Fig. 2

Schematic overview of the effect of infectious myocarditis on epicardial coronary arteries that may induce myocardial infarction. ET-1 endothelin-1, TF tissue factor, TXA2 thromboxane A2

Myocardial infarction most often is the result of coronary atherosclerotic plaque complication, either through rupture or erosion of plaques, followed by thrombus formation. Intraplaque inflammation is an important mediator of atherosclerotic plaque destabilization that renders them more vulnerable for complication. [107] We observed increased intraplaque infiltration of macrophages and neutrophils, increased intraplaque hemorrhage, and increased instability in coronary artery atherosclerotic plaques of autopsied lymphocytic myocarditis patients [90] (Fig. 2), indicating that infectious myocarditis may facilitate myocardial infarction through an effect on atherosclerotic plaques.

In theory, these effects could be the result of direct infection of coronary artery plaques. As many cardiotropic viruses have been shown to infect endothelial cells (Supplementary Table 1), they may also do so in the epicardial coronary arteries and coronary atherosclerotic plaques [108, 109, 110, 111, 112]. In fact, a wide range of pathogens, including cardiotropic viruses, have been identified by genome or antigen detection methods in human atherosclerotic plaques [108], although, to the best of our knowledge, infection of atherosclerotic lesions with T. cruzi has never been reported. The cardiotropic viruses cytomegalovirus [109, 110, 111], herpes simplex virus [110] enterovirus (echovirus 9 and coxsackieviruses B1 and B3) [109], Epstein-Barr virus [110], and parvovirus B19 [112] have been found in human coronary atherosclerotic plaques. In fact, enhanced cytomegalovirus infection was found in human atherosclerotic vessels compared to non-atherosclerotic vessels [111], suggesting that atherosclerotic plaques have increased susceptibility for viral infection. However, it has to be noticed that in these studies concomitant myocarditis was not reported. Although the precise mechanisms are not exactly known, it has become clear from studies in animal models that viral infection can induce or accelerate atherosclerosis. In 1978, it was shown in chickens that infection with Marek’s disease herpesvirus, either or not in combination with a high fat diet, resulted in grossly visible atherosclerotic lesions in large coronary arteries and aortas, while these were absent in uninfected chickens. [113] Moreover, in atherosclerotic ApoE−/− mice, influenza A has been reported to directly infect aortic atherosclerotic lesions, as well as the heart. [114] This resulted in higher levels of chemokines and cytokines in the blood and the plaque as well as a higher density of intraplaque macrophages. Interestingly, intraplaque inflammation and thrombotic effects were also observed in ApoE−/− mice infected with influenza A, but without evidence of direct infection of the plaques. [115]. It thus seems that infection with influenza, or other cardiotropic viruses, might enhance the chance of a myocardial infarction through increased plaque inflammation and resultant plaque complication, whether or not through direct plaque infection, via increased inflammation in the blood or in the heart and a prothrombotic state. [101] However, such mechanism remains to be proven.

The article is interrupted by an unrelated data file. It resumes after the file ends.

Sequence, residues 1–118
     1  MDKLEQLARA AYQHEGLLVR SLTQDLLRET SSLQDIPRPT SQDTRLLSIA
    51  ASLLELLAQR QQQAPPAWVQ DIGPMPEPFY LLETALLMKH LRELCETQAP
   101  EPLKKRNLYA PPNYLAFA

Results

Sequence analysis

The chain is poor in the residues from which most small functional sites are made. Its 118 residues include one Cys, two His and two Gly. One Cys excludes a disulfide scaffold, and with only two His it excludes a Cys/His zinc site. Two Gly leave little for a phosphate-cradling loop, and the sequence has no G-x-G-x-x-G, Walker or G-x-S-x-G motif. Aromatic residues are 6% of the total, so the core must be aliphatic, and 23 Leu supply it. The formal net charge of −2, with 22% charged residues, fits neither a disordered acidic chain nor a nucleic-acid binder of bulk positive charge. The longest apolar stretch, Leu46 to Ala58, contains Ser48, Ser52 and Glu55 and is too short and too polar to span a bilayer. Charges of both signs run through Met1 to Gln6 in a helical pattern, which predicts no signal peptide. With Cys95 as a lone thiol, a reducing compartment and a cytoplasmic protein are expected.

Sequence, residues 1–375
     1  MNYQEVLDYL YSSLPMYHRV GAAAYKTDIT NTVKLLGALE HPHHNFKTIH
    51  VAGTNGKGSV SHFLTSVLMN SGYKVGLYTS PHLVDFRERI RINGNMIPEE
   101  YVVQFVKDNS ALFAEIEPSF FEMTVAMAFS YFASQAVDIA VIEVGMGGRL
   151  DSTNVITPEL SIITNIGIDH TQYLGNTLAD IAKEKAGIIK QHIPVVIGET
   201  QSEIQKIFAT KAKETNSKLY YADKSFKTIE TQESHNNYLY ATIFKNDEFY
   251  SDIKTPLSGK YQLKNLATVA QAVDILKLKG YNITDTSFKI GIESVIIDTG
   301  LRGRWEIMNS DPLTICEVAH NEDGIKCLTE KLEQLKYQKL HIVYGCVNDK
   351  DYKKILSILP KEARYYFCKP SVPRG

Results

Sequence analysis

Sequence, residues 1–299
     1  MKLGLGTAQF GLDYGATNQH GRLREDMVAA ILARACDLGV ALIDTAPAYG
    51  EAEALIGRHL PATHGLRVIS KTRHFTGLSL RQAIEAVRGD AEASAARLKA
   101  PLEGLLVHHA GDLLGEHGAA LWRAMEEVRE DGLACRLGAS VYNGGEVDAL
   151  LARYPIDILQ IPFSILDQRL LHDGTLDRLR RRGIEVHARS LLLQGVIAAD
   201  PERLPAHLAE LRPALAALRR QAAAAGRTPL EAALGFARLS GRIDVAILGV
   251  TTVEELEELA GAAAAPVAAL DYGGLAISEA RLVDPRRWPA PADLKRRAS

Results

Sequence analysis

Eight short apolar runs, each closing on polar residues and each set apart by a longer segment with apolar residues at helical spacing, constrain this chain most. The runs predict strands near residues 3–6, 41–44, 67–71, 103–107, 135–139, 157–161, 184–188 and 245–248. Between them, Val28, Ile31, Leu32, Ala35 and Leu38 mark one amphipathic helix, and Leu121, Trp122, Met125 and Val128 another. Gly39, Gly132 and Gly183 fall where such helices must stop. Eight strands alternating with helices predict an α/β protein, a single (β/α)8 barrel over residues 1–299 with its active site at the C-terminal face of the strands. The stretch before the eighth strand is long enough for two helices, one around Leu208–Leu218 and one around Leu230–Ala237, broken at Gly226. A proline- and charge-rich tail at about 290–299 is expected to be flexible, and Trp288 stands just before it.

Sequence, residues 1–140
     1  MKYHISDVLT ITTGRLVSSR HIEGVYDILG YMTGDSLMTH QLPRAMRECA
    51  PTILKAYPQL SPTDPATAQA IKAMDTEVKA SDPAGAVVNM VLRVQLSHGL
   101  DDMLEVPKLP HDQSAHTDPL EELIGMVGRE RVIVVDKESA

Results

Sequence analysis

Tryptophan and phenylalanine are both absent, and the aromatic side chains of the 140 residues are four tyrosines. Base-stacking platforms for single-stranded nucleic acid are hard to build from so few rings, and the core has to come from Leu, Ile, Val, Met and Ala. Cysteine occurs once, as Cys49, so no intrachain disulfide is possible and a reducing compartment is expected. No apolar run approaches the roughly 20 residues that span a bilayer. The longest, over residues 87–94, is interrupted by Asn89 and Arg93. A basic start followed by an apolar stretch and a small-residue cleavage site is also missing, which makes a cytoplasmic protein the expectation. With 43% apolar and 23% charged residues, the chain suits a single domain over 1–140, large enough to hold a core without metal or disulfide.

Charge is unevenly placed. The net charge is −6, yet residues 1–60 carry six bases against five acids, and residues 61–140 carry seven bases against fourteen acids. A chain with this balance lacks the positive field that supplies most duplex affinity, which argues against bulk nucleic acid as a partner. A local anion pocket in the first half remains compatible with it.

Alternatively, the cardiac and systemic inflammation associated with infectious myocarditis may by itself affect atherosclerotic plaques, irrespective of the infectious pathogens. Indeed, studies have shown that different diseases characterized by increased systemic or cardiac inflammation, including rheumatoid arthritis, vasculitis, and myocardial infarction itself, can accelerate atherosclerosis. [116, 117, 118] However, limited studies of the context of atherosclerosis are known in patients with Chagas disease. Nonetheless, microscopy revealed that patients with chronic Chagas disease had morphological similar atherosclerosis as patients without Chagas disease. [119] Moreover, patients with and without Chagas disease presenting a myocardial infarction had a comparable frequency of angiographically normal coronary arteries. [120] Nevertheless, there are a few reports that do show that Chagas disease can coincide with myocardial infarction. [121, 122, 123]

Effects on coronary vasomotor function